Update: As a few users have noted, this only works for English versions of Windows 7 ISOs so far.

Update 2: Added support for official retail US English RTM ISOs.

Update 3: With the wider public release of Windows 7, this tool is no longer kept up to date with the many and numerous versions of Windows 7 SKUs and languages. It is recommended you take personal care when using any ISOs.

Get paid to talk about PC operating systems

strickmanrippsNeedless to say, there’s a lot of people here who are genuinely passionate about operating systems and generate a lot of constructive feedback, which is why I think this offer is going to be hard to top.

In short, Strickman Ripps, a people-casting and marketing research company is looking for people who have voiced concerns about operating systems regarding features and functions in the past and are offering $100 for a short 20 minute video interview over the web. Enough money to preorder a particular OS you might be after I might add.

Here’s the offer in full.

Strickman Research, a marketing research firm, has contacted us [or in this case, me] for assistance in reaching out to you [in this case, the plural you] with this invitation to participate in a paid research study. If you qualify for the study, they would ask for no more than 20 minutes of your time and would pay you $100 US:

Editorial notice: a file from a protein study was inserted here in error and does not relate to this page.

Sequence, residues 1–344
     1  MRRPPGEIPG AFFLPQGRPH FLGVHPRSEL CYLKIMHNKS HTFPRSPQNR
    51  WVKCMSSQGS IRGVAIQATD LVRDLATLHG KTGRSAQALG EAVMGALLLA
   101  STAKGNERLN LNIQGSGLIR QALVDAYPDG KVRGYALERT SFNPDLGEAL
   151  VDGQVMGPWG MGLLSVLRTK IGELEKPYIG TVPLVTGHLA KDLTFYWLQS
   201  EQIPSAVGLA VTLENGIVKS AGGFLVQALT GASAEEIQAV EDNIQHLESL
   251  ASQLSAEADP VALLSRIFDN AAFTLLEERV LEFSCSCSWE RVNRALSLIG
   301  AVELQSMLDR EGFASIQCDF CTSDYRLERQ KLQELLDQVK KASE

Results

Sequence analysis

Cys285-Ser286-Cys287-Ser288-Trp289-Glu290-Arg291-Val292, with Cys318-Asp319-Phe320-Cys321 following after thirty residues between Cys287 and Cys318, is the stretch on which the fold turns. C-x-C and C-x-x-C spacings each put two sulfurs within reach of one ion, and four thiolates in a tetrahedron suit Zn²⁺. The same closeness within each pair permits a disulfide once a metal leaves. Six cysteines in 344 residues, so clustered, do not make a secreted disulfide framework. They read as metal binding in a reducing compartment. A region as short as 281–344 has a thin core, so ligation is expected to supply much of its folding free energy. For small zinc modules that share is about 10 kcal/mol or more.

What are we researching?

We are looking for people who have left comments on various blogs and forums about operating system software they’ve used. We are looking for people who have previously “published” their suggestions online and expressed their wishes for certain features or functions they would like to see in future versions of various PC operating systems [the Windows 7 Taskforce qualifies perfectly]. Such comments can run the gamut from very technical to very broad, for instance comments like: “I wish it would boot faster.” or “How can I share files between my home computers?” would suffice. The wishes and suggestions can be implied in a question where one is hoping to find a solution to a particular problem.

We are looking for comments published online between 1/2004 – 12/2008. More recent assessments of newer operating systems, published in 2009, may also be pertinent.

How do I participate?

If you left a written comment on a blog, forum or informational website which was, broadly speaking, a suggestion or wish for a certain feature or function you would like to see improved in your computer’s operating system, please find your specific comment or comments online and paste the link/s in an email to us at [email protected].

Please include:

1. The link to your comment/s including the date when it/they was/were posted
2. Your username on that/those site/s
3. Full name
4. Email address
5. Phone number
6. Location (City/State/Country)
7. Best time to be reached

We are looking for participants age 19 and older in, or very near the following regions: UK, France, Germany, Australia, USA.

What should I expect?